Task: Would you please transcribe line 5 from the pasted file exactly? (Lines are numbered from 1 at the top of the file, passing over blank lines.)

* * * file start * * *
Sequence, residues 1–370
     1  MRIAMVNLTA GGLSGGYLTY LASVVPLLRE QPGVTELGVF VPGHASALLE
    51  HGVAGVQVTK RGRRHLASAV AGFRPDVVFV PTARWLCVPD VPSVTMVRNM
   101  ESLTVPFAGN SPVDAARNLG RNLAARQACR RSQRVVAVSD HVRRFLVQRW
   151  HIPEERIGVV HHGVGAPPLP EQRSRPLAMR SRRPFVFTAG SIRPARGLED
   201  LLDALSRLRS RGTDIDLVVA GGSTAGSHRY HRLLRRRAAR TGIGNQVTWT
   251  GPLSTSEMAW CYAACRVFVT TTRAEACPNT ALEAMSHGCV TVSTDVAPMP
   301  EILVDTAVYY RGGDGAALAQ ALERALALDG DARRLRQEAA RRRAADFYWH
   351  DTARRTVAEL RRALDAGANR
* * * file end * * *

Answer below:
   151  HIPEERIGVV HHGVGAPPLP EQRSRPLAMR SRRPFVFTAG SIRPARGLED